Book 51 of 52: The Benevolent Society of Ill-Mannered Ladies by Alison Goodman

In The Benevolent Society of Ill-Mannered Ladies by Alison Goodman, twin sisters Ladies Augusta and Julia Colebrook are in a unique position. They are 42 years old, and unmarried, but have their own money. Like other women their age in Regency London, they don’t have a lot of power, but unlike other “spinsters,” they are not 100% beholden to male relatives or partners.

So what do they do? Become vigilantes, of a sort, and help women and girls in need by doing things like getting back letters a man is using to blackmail his former lover, escape abusive husbands, rescue children from being forced into sex work, and infiltrating a women’s mental institution that is using its patients for profit.

The story is told from Lady Augusta’s point of view, and when she decides this is what she’s going to do, she thinks, “For myself, I no longer believed that this world was mere preparation for the next. This was all the life I would have, and I had to do as much with it as possible.”

While it’s set in Regency London, as many of the historical romances I read are, it’s not a romance. Instead, it’s billed as a “feminist historical mystery series,” which I think is accurate. It doesn’t shy away from the horrors, mostly against women, people of color, and the LGBTQ+ community, and the mentally ill, of the time. There are romantic elements, but not strong one, and the overarching story is under-resolved. I suspect there will be a sequel.

It reminded me of two recent books I reviewed here, Apples Never Fall by Liane Moriarty and Knockout by Sarah MacLean, but it doesn’t do the thriller element as well as Apples Never Fall, or the feminist vigilantism as well as Knockout. Instead, it’s a series of episodes that are too loosely strung together. There are several minor plots that run through the book, but they don’t tie those elements together tight enough.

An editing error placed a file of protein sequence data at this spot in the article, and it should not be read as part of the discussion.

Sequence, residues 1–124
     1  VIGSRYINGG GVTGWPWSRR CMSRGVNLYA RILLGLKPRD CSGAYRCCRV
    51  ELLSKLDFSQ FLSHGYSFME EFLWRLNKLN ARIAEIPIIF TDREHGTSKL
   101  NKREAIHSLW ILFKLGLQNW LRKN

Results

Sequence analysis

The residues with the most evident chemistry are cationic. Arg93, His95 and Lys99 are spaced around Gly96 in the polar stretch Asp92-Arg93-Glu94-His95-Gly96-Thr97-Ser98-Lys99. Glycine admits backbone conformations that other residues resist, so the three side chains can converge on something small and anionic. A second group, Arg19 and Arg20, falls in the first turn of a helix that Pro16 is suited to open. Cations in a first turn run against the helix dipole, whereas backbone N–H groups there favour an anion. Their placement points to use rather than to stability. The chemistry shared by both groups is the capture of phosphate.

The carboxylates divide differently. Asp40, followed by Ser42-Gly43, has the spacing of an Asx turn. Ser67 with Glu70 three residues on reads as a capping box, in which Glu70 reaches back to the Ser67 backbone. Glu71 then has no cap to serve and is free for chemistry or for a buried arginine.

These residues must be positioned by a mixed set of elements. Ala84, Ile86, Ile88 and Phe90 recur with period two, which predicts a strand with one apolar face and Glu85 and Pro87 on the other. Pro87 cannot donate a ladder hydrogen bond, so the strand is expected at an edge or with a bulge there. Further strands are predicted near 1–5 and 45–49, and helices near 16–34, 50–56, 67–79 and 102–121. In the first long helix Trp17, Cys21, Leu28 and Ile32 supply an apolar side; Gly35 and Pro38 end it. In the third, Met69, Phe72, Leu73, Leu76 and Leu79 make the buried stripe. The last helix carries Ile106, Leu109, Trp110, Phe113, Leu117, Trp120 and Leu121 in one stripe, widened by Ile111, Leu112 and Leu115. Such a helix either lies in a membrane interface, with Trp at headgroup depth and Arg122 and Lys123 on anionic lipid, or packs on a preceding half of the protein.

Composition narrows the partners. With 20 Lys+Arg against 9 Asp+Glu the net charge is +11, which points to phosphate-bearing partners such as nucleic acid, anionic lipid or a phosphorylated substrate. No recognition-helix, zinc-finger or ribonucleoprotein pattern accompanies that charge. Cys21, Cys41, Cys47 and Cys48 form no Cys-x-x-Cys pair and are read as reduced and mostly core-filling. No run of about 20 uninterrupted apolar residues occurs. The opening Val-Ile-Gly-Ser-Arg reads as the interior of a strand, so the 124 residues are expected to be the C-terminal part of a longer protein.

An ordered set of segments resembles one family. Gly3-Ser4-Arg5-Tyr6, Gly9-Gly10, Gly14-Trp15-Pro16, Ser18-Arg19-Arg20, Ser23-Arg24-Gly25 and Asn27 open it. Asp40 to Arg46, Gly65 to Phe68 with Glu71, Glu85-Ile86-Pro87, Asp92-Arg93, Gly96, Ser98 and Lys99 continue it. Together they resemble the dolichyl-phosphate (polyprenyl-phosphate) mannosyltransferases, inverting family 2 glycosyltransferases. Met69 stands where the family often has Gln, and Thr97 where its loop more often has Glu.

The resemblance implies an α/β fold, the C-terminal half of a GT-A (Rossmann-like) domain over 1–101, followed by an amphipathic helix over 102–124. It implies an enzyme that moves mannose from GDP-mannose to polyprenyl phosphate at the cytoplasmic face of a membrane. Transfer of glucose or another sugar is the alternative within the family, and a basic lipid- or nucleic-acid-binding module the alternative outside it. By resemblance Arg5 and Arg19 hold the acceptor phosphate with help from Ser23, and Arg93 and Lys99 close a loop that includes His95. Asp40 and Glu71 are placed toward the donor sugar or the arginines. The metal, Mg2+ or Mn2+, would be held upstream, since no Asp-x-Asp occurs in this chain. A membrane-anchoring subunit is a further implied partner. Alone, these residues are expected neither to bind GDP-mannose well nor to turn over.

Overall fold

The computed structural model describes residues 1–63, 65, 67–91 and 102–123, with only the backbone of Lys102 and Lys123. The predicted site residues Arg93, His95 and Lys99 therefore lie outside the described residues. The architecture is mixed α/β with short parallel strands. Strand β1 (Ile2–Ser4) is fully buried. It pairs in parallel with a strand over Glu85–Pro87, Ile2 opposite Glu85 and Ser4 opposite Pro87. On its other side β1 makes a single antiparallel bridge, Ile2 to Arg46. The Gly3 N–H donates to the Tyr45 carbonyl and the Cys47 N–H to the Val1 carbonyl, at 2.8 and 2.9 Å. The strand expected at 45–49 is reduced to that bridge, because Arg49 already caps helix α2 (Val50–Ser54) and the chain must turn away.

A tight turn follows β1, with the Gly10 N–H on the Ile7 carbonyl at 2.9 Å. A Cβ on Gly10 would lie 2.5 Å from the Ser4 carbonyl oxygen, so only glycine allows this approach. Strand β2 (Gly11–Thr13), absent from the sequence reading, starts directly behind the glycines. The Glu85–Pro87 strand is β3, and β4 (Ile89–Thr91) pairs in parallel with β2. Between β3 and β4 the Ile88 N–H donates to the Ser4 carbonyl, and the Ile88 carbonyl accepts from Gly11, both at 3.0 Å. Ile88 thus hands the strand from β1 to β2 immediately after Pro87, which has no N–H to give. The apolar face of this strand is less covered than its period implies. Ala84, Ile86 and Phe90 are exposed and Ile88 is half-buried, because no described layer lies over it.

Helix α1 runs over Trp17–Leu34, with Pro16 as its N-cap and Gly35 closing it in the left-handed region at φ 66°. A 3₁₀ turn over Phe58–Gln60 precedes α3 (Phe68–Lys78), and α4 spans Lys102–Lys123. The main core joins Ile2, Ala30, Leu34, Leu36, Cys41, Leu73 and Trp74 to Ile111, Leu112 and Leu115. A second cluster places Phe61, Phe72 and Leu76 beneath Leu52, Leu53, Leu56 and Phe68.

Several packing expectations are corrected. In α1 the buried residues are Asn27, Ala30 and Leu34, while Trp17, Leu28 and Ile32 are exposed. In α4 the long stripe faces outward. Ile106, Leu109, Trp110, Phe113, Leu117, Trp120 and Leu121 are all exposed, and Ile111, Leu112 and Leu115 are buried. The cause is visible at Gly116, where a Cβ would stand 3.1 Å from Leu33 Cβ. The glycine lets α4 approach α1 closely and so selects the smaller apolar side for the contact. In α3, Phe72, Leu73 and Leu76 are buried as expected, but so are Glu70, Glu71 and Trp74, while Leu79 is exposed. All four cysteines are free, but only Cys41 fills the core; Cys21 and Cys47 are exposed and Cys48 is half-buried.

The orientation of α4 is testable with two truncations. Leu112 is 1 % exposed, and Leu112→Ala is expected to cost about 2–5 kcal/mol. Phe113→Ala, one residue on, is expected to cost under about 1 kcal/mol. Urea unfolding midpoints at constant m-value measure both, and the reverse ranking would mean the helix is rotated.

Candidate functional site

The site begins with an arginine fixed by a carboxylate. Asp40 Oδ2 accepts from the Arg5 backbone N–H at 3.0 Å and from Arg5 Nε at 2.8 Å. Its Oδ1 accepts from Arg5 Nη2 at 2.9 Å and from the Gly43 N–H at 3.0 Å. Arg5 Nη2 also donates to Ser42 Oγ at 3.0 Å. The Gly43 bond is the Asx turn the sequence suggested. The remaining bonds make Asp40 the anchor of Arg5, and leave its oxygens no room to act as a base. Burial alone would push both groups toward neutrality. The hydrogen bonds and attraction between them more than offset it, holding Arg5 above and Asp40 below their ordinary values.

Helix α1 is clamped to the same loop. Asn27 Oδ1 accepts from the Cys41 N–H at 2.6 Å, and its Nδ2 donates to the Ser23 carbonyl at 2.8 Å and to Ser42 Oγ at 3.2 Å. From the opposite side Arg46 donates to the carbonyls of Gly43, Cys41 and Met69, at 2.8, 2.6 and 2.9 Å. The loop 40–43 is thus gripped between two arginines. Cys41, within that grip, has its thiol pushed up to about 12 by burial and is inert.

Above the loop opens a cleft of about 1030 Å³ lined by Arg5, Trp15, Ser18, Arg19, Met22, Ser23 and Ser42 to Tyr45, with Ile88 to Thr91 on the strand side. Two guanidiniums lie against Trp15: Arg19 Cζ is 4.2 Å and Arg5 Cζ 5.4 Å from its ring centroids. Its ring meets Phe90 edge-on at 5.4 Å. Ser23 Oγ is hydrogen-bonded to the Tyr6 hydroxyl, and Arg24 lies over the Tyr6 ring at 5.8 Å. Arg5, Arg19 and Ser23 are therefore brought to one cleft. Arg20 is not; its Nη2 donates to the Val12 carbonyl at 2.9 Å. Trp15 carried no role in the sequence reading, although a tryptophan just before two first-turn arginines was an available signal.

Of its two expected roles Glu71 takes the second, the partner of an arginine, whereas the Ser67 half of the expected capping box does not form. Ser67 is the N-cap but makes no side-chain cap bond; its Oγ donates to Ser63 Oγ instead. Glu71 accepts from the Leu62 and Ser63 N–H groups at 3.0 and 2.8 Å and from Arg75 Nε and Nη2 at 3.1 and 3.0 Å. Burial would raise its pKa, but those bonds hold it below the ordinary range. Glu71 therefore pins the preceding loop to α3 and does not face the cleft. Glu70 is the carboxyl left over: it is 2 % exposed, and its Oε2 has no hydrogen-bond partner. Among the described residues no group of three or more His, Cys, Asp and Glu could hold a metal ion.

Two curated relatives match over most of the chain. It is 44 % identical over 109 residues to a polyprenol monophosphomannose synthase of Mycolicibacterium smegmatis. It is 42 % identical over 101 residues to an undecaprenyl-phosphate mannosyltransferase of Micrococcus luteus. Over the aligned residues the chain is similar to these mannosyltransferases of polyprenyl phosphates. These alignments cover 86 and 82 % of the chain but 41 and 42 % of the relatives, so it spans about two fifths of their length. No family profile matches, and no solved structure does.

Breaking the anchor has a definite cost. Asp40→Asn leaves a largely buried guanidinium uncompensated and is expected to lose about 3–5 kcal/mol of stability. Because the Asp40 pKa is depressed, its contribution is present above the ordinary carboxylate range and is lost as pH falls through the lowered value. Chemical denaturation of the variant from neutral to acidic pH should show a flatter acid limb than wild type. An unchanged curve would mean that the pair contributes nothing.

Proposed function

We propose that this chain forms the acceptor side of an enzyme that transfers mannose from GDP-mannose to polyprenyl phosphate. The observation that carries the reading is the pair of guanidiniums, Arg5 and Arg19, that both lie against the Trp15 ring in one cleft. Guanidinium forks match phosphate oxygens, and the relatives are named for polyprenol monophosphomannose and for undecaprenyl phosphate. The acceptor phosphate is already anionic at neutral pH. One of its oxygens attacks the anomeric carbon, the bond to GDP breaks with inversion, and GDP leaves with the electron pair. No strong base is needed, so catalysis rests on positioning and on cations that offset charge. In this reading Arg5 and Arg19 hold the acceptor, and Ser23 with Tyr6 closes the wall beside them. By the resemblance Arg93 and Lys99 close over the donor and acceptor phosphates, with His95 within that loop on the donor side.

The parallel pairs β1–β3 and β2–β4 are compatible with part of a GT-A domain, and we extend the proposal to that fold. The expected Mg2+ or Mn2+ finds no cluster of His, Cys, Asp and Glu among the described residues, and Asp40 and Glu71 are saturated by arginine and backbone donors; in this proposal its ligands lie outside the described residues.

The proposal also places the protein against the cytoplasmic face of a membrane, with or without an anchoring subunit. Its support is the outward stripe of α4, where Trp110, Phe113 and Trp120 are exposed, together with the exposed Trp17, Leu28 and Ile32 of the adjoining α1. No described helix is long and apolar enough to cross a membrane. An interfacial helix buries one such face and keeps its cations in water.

Will I read the next book? Maybe. It’s not bad for establishing a new series. Hopefully, some of those issues will be fixed in the next one, if there is one.

Nail polish: Wren by Zoya.

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Jen Miller

Jen Miller

Jen A. Miller is a an author and freelance writer. Her memoir, Running a Love Story, was a Philadelphia Inquirer best book of the year. Her work has appeared in the New York Times, Washington Post, SELF, Buzzfeed and the Guardian, among others.


  1. Debbie Howard on March 28, 2024 at 11:11 pm

    A wonderful read. I look forward to the next book. I must find out what happens next. Will Lady Augusta be able to clear Lord Evan’s name before the thieftaker finds him? I will be recommending this book to my friends

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